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  • Image not available. When there is no attempt to actively warm an anesthetized patient, core temperature usually decreases 1- 2°C during the first hour of general anesthesia (phase one), followed by a more gradual decline during the ensuing 3-4 h (phase two), eventually reaching a point of steady state.
  • Image not available. In the normal, unanesthetized patient the hypothalamus maintains core body temperature within very narrow tolerances, termed the interthreshold range, with the threshold for sweating and vasodilation at one extreme and the threshold for vasoconstriction and shivering at the other.
  • Image not available. Anesthetics inhibit central thermoregulation by interfering with these hypothalamic reflex responses.
  • Image not available. Postoperative hypothermia should be treated with a forced-air warming device, if available; alternately (but less satisfactorily) warming lights or heating blankets can be used to restore body temperature to normal.
  • Image not available. Nearly 50% of patients who experience an episode of malignant hyperthermia (MH) have had at least one previous uneventful exposure to anesthesia during which they received a recognized triggering agent. Why MH fails to occur after every exposure to a triggering agent is unclear.
  • Image not available. The earliest signs of an MH episode during anesthesia are succinylcholine-induced masseter muscle rigidity (MMR) or other muscle rigidity, tachycardia, and hypercarbia (due to increased CO2 production).
  • Image not available. Musculoskeletal diseases associated with a relatively high incidence of MH include central-core disease, multi-minicore myopathy, and King-Denborough syndrome. Duchenne’s and other muscular dystrophies, nonspecific myopathies, and osteogenesis imperfecta have been associated with MH-like symptoms in some reports; however, their association with MH is controversial.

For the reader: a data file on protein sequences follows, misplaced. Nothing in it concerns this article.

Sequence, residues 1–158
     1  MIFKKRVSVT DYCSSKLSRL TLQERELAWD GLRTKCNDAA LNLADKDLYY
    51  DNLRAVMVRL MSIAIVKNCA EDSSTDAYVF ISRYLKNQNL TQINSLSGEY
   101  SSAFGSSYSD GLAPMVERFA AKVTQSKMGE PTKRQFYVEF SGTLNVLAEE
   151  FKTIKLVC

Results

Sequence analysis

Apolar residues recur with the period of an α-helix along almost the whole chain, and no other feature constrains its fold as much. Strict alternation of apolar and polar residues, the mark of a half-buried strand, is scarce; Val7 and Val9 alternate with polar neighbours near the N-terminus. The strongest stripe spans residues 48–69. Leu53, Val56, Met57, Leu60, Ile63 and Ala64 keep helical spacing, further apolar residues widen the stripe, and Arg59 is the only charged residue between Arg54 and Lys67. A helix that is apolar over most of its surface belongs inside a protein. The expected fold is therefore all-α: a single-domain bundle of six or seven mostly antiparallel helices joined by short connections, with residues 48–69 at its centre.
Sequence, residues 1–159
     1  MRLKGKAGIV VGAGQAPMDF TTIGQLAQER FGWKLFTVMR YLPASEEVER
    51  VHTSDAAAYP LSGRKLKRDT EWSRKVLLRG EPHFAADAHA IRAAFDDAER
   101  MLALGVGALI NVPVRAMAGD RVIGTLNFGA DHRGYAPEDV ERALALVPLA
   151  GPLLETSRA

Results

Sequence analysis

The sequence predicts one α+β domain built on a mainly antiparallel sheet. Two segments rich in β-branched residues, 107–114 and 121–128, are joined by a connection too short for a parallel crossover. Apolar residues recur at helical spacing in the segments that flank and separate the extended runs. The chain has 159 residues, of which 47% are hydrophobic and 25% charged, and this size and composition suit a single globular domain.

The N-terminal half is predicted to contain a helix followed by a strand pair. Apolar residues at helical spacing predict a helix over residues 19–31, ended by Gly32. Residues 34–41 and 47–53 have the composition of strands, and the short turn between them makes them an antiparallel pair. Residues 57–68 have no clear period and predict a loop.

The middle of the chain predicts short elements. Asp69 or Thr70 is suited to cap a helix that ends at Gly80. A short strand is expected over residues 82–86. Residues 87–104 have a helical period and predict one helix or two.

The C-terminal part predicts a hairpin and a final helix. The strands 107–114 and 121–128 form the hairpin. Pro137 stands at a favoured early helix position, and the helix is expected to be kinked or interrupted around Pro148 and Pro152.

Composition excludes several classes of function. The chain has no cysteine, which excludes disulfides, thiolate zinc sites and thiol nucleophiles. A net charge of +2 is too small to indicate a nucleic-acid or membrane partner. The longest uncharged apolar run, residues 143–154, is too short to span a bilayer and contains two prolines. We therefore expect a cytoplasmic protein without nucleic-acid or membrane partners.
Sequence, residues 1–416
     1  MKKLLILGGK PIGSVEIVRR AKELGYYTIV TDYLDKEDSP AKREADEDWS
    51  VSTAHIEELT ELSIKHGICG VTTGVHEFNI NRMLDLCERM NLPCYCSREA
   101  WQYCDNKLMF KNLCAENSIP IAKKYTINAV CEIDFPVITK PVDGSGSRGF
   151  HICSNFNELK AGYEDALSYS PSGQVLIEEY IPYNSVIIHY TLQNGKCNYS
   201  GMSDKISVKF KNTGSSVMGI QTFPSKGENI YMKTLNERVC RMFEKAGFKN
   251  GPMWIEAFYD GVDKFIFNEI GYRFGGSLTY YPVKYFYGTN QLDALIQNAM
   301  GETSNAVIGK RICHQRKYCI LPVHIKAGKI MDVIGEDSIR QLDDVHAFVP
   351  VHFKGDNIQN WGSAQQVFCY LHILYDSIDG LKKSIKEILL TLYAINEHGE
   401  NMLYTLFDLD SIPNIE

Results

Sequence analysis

• Image not available. Treatment of an MH episode is directed at terminating the episode and treating complications such as hyperthermia and acidosis. The mortality rate for MH, even with prompt treatment, ranges from 5% to 30%. First and most importantly, the triggering agent must be stopped; second, dantrolene must be given immediately.
  • Image not available. Dantrolene, a hydantoin derivative, directly interferes with muscle contraction by inhibiting calcium ion release from the sarcoplasmic reticulum. The dose is 2.5 mg/kg intravenously every 5 min until the episode is terminated (upper limit, 10 mg/kg). Dantrolene should be continued for 24 h after initial treatment.
  • Image not available. Propofol, thiopental, etomidate, benzodiazepines, ketamine, opiates, droperidol, nitrous oxide, nondepolarizing muscle relaxants, and all local anesthetics are nontriggering agents that are safe for use in MH-susceptible patients.

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Hypothermia, usually defined as a body temperature less than 36°C, occurs frequently during anesthesia and surgery. Unintentional perioperative hypothermia is more common in patients at the extremes of age, and in those undergoing abdominal surgery or procedures of long duration, especially with cold ambient operating room temperatures; it will occur in nearly every such patient unless steps are taken to prevent this complication.

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Hypothermia reduces metabolic oxygen requirements and can be protective during cerebral or cardiac ischemia. Nevertheless, hypothermia has multiple deleterious physiological effects (Table 52-1). In fact, unintended perioperative hypothermia has been associated with an increased mortality rate.

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Table Graphic Jump Location
Table 52-1 Deleterious Effects of Hypothermia.

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